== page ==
Maybe you've felt a certain chemistry with 2019 but don't know why? Maybe it's because this year marks the 150th anniversary of the Periodic Table of the Elements. It's considered the founding document of modern chemistry, one you may have studied in school.
UW-Madison professor of chemistry Bassam Shakhashiri knows both the history of the table, and its modern relevance. He says the table came about through a collaboration of a few scientists but that Dmitri Mendeleev properly gets much of the credit.
"Dimitri Mendeleev, the Russian chemist, he proposed — sometimes people say he discovered — the pattern of similar behavior [of certain elements] and arranged them," Shakhashiri explains.
On modern relevance, and how uses of the elements change, Shakhashiri cites lithium (symbol Li), in the table: "Lithium batteries are very useful to us. Lithium is also used in the medical profession, for a variety of things."
Shakhashiri also notes how lead (symbol Pb) has a less popular image than in Mendeleev's day. Nowadays, lead is often viewed as a contaminant in soil and water.
Read the full transcript of WUWM's Chuck Quirmbach and Bassam Shakhashiri's conversation here:
Bassam Shakhashiri: Mendeleev the Russian chemist was teaching a course and he was writing his lecture notes and tried to write an inorganic chemistry book about chemical behavior of substances. And it came to him that there possibly is a pattern of repeated resemblance of behavior of certain elements. And so that's what he did. He proposed, sometimes, you know, people say he discovered the pattern of similar behavior and arranged the elements, according to are their atomic weights. Later on, this turned out to be not so correct, but that's how it is in science. We learn the periodic table as the elements arranged according to the atomic number, which is an integer, a whole number. That's the number of protons in an atom of that element. So they range from one, which is element hydrogen, all the way to element 118 which is the total number of elements in the periodic table today,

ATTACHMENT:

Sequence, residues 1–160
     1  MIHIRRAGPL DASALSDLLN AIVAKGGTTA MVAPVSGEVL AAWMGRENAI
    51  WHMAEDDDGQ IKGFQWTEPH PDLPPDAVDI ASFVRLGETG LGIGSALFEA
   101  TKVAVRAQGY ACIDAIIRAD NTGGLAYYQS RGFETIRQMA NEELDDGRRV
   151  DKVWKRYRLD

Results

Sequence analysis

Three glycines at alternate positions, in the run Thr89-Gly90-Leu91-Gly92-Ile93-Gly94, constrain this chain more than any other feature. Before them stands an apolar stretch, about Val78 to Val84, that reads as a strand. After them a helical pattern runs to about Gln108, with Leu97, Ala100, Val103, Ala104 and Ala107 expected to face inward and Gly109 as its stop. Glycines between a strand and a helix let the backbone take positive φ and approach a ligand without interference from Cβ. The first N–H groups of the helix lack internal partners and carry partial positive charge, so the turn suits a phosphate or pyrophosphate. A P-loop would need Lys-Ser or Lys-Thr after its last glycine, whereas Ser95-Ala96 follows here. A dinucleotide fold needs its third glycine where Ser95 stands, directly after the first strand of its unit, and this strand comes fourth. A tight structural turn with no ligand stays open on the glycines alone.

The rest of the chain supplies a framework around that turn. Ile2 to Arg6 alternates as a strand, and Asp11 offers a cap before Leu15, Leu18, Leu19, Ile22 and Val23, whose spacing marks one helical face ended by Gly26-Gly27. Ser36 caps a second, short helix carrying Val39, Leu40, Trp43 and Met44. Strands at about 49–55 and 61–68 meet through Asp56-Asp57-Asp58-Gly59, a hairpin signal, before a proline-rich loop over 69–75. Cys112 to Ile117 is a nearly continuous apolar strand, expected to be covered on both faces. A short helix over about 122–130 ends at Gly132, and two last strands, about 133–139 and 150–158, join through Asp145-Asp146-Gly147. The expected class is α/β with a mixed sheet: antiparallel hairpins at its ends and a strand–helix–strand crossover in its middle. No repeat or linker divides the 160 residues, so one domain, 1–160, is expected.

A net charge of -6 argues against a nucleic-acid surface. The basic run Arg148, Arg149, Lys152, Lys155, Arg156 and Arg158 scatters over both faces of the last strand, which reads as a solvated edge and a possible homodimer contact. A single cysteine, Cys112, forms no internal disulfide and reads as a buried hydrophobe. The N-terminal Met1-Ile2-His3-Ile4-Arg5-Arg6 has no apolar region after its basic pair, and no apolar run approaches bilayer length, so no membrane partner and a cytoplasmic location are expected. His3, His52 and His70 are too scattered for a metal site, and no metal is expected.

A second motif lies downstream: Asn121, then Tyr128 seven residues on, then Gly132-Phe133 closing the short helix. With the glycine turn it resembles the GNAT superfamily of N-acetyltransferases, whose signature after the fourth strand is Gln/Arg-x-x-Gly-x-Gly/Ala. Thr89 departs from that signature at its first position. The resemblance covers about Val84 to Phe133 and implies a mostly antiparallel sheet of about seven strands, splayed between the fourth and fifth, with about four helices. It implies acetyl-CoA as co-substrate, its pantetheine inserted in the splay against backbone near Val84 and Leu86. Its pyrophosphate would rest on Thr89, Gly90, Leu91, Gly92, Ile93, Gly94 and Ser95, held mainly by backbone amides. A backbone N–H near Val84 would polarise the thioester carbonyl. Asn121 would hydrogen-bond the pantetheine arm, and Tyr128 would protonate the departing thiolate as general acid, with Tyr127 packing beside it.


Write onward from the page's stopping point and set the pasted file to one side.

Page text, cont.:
Chuck Quirmbach: Was he creating this and and the others that can certainly contributed to it, were they trying to serve some industry like cannon makers?
Shakhashiri: Human beings all of us are naturally curious. We ask questions, all kinds of questions. You know, why is the sky blue? We make observations and try to make sense out of these observations and that's what science is all about. It's about examining behavior, natural behavior, and trying to describe in words and language and in symbols, what the behavior pattern might be. So it's really as a result of curiosity. It was not to serve any other purpose, but curiosity leads to discovery and discovery leads to application.
Quirmbach: What sort of applications took off?
Shakhashiri: Fabulous applications. When the elements were arranged in this chart in the periodic table, it was easy to see right away that there are missing elements that have not been discovered yet, that have not been identified. So the search was on to find them and to identify them and to characterize them. So that was a very, very important consequence of putting the elements in this organized fashion that we call the periodic table. Later on when we got to the so called heavy elements, to the elements that have 92 protons or more, uranium, for example. Then, as people started theorizing, making suggestions, scientists were saying, maybe we can synthesize elements we can make new elements and The transuranium elements were synthesized by several people. One group at University of California, Berkeley, led by the scientist, Glenn Seaborg, proceeded to make new elements. And Glenn Seaborg proposed that maybe there should be more elements that we don't know about and other scientists, not only in the United States, but in Russia and elsewhere, undertook serious experimentation that led to identifying some of these synthetic elements. They weren't really discovered. They were made, they were synthesized and, interestingly enough, some of these heavy elements do not have a long lifetime, they disintegrate, they released energy, and disintegrate. They've got very stable, some are their lifetime is in the order of seconds. And that's another consequence of these discoveries and how to develop the technology to detect these transformations that are made, so there is this is just very, very intriguing and very rewarding pursuit. As you can imagine, it's also very challenging, but that's where the reward, rewarding aspect comes in.